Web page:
Meet An Alumna Who s Changing Cities Across Canada: Kate Whitfield

Author: Engineering Alumni Office

Posted on Jul 25, 2017

Category: Alumni Spotlight

Given that Kate Whitfield (BScGGE’03) is a professional engineer and registered professional planner, you might think that she planned out her career meticulously. Not so. She maintains that remaining malleable and open to opportunities and suggestions has led her down the right path.

Kate came to UNB in 1997 because her father saw a MacLeans magazine article reporting the merits of the Forest Engineering program and suggested she consider it. Since she had to pick something to study and she had an interest in the environment, Kate took the suggestion. She had practically grown up on the Queen’s campus, and was accepted to Queen’s for her undergrad, but chose UNB because of the positive impression she got from the registrar’s office, and perhaps the desire for an adventure away from home. She fell in love with UNB at first sight and had an amazing first-year experience, a significant part of that being her residence in Maggie Jean Chestnut’s huge top-floor room (now prime office and boardroom real estate at UNB’s Renaissance College).  She found that Forest Engineering wasn’t for her though, and switched to Engineering, choosing a geotechnical concentration.

One of her peer students, Charles Goguen, suggested joining student politics, and so she did, first as VP (twice), and then President of the Student Union. It was at this point that her path crossed with Mike Ircha, a civil engineering professor, urban planner, and at that time VP Academic for UNB. They worked together on the UNB campus plan and Mike urged Kate to go into urban planning, which she did. After graduating from UNB she took a Masters in Regional and Urban Planning at Queen’s, and then migrated to Ottawa to work for the next decade as an engineer and planner, focusing more and more on building walkable, bikeable, livable communities. Now, she’s taken on a new role: building Alta Planning + Design’s Ottawa office from scratch. When the firm came calling, she jumped at the chance to work with a company focused solely on multi-modal transportation systems. Her work is a combination of planning, policy, and changing behaviours, which requires technical skills for good road design and optimal land use, and also presentation and persuasion skills. Although she’s on her own for now in Ottawa (and with help from a colleague in Vancouver), working both from home and a rented office space, she’s pumping out proposals to clients and excited at the prospect of building a team to make a big impact in cities near and far.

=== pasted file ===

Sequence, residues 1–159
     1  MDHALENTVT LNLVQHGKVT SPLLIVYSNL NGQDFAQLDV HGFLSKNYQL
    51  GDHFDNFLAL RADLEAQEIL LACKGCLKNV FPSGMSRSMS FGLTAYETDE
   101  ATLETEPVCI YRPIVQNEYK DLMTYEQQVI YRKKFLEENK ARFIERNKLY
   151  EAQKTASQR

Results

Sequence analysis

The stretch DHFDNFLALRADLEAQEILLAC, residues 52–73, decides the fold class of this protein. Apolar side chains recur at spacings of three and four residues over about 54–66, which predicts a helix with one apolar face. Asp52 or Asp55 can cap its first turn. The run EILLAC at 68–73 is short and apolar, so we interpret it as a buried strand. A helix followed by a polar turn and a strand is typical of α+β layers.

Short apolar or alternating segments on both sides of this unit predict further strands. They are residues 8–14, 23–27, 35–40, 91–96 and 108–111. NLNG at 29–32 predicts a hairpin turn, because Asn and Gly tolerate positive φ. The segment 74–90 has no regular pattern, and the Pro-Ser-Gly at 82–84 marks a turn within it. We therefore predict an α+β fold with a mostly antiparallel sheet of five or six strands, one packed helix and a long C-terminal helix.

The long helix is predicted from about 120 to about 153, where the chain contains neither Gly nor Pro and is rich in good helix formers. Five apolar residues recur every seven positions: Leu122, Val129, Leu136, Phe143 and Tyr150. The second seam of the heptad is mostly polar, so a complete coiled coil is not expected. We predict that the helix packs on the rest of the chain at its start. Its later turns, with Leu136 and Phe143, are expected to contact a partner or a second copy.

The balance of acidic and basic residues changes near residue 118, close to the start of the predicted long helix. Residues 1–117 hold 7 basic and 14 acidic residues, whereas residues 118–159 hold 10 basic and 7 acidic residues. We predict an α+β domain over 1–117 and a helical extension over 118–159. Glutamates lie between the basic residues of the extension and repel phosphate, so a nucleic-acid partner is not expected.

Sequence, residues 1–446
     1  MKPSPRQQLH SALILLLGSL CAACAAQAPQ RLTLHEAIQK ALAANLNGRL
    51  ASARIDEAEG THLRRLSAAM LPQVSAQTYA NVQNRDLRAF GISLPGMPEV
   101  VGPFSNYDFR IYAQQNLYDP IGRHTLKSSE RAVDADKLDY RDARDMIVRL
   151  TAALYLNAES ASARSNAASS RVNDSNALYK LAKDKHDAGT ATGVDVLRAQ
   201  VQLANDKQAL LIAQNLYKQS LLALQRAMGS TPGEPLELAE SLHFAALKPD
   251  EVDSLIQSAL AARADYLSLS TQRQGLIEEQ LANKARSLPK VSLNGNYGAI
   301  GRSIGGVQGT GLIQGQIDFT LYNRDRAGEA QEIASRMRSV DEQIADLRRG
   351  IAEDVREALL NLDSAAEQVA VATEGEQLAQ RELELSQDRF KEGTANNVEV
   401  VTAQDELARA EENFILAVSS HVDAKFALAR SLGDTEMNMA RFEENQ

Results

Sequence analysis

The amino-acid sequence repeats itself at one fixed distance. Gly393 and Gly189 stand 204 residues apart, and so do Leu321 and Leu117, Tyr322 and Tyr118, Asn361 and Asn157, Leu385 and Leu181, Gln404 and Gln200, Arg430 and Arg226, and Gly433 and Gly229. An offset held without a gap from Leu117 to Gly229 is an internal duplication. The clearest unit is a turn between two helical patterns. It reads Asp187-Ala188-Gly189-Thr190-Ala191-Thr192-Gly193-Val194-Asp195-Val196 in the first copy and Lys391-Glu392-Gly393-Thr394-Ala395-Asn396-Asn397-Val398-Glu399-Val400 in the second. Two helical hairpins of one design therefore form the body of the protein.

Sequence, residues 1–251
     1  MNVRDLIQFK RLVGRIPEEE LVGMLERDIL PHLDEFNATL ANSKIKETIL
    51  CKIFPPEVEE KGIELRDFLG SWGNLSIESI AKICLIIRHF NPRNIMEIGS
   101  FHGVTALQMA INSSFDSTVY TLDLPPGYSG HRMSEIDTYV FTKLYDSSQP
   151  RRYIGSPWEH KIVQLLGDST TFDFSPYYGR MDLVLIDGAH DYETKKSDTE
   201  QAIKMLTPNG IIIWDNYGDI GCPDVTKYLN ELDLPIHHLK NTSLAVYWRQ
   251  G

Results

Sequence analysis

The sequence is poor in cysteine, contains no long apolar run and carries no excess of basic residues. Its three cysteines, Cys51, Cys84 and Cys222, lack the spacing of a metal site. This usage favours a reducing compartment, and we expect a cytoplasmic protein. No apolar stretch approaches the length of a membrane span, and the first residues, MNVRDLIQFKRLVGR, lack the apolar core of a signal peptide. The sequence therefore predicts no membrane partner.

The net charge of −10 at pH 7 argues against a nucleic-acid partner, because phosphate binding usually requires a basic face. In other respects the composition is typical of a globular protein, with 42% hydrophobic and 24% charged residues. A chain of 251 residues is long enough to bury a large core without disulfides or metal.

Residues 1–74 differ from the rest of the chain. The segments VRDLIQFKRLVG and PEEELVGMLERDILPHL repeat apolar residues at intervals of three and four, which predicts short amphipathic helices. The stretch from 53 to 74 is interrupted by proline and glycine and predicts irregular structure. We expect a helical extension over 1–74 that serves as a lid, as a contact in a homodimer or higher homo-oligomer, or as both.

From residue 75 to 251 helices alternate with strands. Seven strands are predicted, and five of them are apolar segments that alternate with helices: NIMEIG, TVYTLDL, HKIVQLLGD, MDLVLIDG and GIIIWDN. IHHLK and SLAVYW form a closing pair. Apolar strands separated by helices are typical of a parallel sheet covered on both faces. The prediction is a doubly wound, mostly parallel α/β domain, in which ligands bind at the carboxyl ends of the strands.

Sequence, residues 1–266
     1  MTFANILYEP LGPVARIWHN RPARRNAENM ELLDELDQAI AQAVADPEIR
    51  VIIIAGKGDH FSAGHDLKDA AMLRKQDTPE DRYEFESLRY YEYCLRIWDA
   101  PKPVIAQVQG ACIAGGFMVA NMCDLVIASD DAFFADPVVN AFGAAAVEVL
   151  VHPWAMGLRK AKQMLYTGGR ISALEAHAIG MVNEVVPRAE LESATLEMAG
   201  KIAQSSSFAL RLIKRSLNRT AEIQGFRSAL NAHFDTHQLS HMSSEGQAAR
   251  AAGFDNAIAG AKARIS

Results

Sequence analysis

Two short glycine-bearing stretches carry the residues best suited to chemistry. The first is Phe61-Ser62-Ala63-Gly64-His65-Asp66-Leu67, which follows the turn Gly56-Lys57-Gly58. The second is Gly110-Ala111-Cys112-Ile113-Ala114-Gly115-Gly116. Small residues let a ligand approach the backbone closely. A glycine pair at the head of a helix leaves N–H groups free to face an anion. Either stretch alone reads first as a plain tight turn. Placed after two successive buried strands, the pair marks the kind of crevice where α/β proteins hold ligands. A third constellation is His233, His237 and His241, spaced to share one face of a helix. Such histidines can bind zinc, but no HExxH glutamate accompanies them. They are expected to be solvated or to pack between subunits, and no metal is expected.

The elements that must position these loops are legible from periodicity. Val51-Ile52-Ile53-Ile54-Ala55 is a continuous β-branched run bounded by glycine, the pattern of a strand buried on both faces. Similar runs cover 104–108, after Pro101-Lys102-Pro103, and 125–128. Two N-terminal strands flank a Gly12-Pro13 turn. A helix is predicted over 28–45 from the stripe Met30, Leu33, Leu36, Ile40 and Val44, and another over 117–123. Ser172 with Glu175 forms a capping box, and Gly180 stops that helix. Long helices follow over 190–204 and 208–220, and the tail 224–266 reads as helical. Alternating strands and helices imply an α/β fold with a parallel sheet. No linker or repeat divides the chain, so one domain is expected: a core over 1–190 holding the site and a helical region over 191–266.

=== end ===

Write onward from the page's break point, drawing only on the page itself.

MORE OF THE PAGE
Kate says that the skills she developed at UNB have been instrumental in her career.  “A big part of planning and client work is business development, building relationships, collaborating and being able to explain complex ideas to make them compelling and accessible to the people they will affect. These are things I learned from being in student politics, along with the ability to be comfortable with public speaking.” She feels bicycle and pedestrian engineering is sometimes seen as the “soft side” of engineering, but she learned through her degrees and in practice that it can be one of the most difficult and rewarding of specialties. “You need to be on the leading edge of research, apply that to your project, and then tackle the hardest piece of all – relate it to people in a way that doesn’t feel like you’re making judgments on current behaviours. You need to learn to balance between pushing for change and not turning people off. But as the momentum builds and things begin to happen, the positive impact on communities and people is tangible and amazing to witness.” Kate declares proudly that Fredericton and UNB were the right places for her with the right people. In fact, she’s maintained a strong connection with both, completing her masters’ internship with the City of Fredericton, and then working with the City again recently to help them update their active transportation plan.  She’s returned to UNB to give a lecture in the Transportation Seminar Series, and is currently conferring with Dr. Trevor Hansen to recruit fellow UNB grads to build her team.

Today, Kate remains open to possibilities as she cultivates an active life in a walkable neighborhood with her husband and two young children, learning as a family to bike to many of their activities. The latest suggestion to come her way? It was once again from Mike Ircha, now UNB Professor Emeritus living in Ottawa, who asked her to co-teach an engineering class in urban planning with him at Carlton University this fall. No doubt, she’ll impress upon her students the importance of malleability, in science and in life.